Monday, March 5, 2012

#9 (2012-cbriv) "The Immortal Life of Henrietta Lacks" by Rebecca Skloot

I first saw The Immortal Life of Henrietta Lacks (2011) by Rebecca Skloot on my mother's nightstand. She's a librarian and often gets word of good books before me. So when I saw it again on the library's kindle page, I immediately put a hold on it.

I enjoy reading non-fiction because I like to learn new things and understand other people's lives. The Immortal Life of Henrietta Lacks is a fascinating book for a number of reasons. This book looks into the lives of a very poor, black family in the South, medical research, the development of cellular cultures, and the ethics of taking tissues from patients and the patients' right to be informed.

Henrietta Lacks is a poor, black woman, whose ancestors were slaves. When she was receiving treatment and dying of cervical cancer at Johns Hopkins in the 1950's, scientists took some of the cancerous cells from her tumour. These cells were the first cells that scientists were able to cultivate. Because of the cells' hardiness, they were used in countless experiments throughout the world. No one in the Lacks family gave permission for this and they did not learn of it until twenty years after her death. The revelation that their mother was spread all over the world affected her children deeply.

Skloot goes to great measures to stay as neutral as possible on her topic. She clearly tells how things happened and then lets the reader decide what to think. I was shocked a number of times at what occurred in this book, and I found the story of Henrietta Lacks' cells very interesting. However, I did not feel that Henrietta Lacks was really a victim of her doctors. The doctors did what they could with her cervical cancer, and she received what was probably standard care for that time. I did find the segregated hospital shocking. The hospital would label her blood as "colored." And Johns Hopkins was progressive! Most hospitals simply didn't treat black patients. I'm obviously familiar with the idea of segregation, but I guess I don't often realize how the reality of it affected every facet of life with its stupidity, unfairness, and waste. Anyway, taking some cells during a biopsy was the least of the wrongs done to her, and it did not affect the end of her life in any way. (However, the doctors should have been much more careful about the privacy of her identity and taken more care with letting the family know what was going on once everything became public. It seemed that one doctor just taking the time to show and explain how they were using Henrietta's cells made a huge difference.)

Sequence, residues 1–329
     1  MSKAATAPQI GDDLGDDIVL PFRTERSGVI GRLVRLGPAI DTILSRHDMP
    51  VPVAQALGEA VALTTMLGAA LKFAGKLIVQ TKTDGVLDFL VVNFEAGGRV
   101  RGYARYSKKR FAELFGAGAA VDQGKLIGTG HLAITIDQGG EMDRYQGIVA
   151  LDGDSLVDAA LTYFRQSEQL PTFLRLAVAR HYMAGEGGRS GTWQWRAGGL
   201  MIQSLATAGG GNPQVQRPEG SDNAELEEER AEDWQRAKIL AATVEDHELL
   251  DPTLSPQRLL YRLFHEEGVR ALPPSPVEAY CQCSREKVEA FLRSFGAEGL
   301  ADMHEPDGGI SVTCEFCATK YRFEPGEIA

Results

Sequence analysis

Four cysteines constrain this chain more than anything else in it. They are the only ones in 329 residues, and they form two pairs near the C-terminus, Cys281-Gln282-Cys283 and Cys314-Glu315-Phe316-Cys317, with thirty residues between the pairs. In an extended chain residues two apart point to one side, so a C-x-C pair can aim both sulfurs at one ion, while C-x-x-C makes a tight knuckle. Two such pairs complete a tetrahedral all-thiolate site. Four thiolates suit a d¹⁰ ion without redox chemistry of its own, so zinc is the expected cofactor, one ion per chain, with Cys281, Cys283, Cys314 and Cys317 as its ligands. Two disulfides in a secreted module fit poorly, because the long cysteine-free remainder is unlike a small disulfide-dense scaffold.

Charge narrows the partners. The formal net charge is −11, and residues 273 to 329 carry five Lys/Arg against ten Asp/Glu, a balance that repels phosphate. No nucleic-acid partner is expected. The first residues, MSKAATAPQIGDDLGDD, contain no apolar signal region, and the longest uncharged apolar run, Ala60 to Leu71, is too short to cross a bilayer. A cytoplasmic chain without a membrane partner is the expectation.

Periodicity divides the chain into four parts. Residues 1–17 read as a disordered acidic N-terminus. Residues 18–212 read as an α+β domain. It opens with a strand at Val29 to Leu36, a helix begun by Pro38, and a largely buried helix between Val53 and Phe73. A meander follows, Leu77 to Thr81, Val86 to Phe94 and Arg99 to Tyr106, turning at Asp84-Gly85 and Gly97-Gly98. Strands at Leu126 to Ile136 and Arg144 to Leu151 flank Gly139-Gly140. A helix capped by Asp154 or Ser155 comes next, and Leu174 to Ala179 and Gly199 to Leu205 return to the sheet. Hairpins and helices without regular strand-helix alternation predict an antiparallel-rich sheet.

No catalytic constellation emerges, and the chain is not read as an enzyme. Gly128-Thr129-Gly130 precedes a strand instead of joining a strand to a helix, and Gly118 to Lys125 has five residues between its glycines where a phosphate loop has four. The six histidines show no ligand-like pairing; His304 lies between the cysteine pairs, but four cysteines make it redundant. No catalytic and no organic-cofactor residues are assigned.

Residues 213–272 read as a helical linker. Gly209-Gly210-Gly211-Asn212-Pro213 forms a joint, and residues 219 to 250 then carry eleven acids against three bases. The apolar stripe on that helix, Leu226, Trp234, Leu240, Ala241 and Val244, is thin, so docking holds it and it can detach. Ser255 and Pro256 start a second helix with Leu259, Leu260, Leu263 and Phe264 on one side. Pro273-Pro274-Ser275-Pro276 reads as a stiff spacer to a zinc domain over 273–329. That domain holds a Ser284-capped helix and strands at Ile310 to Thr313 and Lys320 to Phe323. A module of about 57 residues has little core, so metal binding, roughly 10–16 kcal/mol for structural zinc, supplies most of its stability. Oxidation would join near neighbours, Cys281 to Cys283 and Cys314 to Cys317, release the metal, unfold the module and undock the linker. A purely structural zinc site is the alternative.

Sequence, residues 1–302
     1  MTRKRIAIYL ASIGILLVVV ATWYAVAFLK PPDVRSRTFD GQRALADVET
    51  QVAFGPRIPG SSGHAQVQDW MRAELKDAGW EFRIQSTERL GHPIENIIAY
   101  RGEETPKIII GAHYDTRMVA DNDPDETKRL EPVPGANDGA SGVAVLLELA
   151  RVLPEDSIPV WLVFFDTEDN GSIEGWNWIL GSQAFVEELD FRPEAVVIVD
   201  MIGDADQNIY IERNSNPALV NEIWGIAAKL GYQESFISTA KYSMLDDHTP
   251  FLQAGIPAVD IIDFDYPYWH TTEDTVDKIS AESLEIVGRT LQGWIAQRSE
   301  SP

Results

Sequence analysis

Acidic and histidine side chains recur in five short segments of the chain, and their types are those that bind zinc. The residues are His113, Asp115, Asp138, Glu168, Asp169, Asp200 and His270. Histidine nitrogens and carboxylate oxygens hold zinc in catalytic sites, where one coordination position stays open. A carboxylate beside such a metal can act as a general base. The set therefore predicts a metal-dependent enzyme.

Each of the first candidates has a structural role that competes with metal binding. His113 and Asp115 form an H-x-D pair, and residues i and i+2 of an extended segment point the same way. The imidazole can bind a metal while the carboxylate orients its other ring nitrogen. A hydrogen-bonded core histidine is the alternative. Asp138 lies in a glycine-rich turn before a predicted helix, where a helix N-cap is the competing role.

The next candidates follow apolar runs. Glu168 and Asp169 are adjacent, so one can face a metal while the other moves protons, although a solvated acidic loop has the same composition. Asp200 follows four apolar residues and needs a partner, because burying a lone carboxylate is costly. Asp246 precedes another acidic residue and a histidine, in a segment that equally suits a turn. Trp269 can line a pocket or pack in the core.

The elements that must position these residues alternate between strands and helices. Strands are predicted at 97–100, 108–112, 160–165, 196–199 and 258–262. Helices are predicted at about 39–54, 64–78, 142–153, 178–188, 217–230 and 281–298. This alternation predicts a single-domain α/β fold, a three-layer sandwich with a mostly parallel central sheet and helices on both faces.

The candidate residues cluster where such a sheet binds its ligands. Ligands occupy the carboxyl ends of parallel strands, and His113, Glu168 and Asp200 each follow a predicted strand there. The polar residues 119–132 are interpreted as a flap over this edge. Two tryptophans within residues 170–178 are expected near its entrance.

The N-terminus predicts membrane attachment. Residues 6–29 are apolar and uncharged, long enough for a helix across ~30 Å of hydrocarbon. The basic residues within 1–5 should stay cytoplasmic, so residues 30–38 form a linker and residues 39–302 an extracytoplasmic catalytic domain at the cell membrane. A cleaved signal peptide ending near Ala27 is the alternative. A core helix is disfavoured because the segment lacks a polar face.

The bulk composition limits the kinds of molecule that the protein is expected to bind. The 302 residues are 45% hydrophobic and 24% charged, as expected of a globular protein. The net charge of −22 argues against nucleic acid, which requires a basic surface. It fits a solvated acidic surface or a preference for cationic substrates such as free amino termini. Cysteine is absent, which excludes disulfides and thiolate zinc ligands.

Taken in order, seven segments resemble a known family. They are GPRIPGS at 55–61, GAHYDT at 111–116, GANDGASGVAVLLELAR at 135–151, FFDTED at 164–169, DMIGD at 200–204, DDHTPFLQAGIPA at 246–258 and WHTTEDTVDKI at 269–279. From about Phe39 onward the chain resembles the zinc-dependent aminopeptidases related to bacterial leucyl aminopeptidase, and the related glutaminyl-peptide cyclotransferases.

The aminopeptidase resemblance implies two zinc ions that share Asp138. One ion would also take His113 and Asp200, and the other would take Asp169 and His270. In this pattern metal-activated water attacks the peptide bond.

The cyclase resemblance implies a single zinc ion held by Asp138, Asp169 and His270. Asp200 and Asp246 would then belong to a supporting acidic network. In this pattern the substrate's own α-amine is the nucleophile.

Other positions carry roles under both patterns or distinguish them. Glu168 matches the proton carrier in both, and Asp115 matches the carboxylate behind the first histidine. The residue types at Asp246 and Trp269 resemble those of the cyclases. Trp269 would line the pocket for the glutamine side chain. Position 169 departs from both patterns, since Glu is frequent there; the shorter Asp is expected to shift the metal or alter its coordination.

In fact, I was angrier at Henrietta Lacks' husband. Although there wasn't much detail about their relationship or their personal thoughts, I did learn that Henrietta was sweet on another guy when she became pregnant with her first cousin's (soon to be husband's) baby. They both lived with her grandfather. Her cousin was 19 and she was 14. She was never a fan of sex, although she continued to bear her husband's children while he cheated on her, bringing her syphilis and the HPV virus (which most likely caused her cervical cancer). Her dying request was that he take care of her children. Instead of fulfilling that request, he allowed his children to be both physically and sexually abused. I realize some of my judgment may be unfair because I do not know what he was going through or his struggle to keep the family going. This was also a very different time and culture from what I'm used to, and I assume a lot of his action, or inaction, stemmed from ignorance. They didn't even know back then about HPV--in fact, it was Henrietta's cells that helped with the discovery. I just wish he had taken some action to care about and protect his children and his wife.

Some of the most shocking parts of this story were the descriptions of some of the medical research done on the poor, the incarcerated, and people in mental institutions. In fact, one of the most heart wrenching tragedies of this story was that of Henrietta's oldest child, Ellie, who languished in a mental hospital after her mother's death. And yet another reason I hold some bitterness towards Henrietta's husband. The other theme that continued to resonate with me was how important knowledge and education were. Henrietta's family was struggling so hard and they had no idea of what was being done to them or how to make their lives better. It was sometimes hard to read.

The Immortal Life of Henrietta Lacks shines a spotlight on an important step in medical research and the family of the woman ultimately behind it. Although the story sometimes jumps around too much between the very personal friendships Skloot made while writing this book to various medical questions, it's worth reading.

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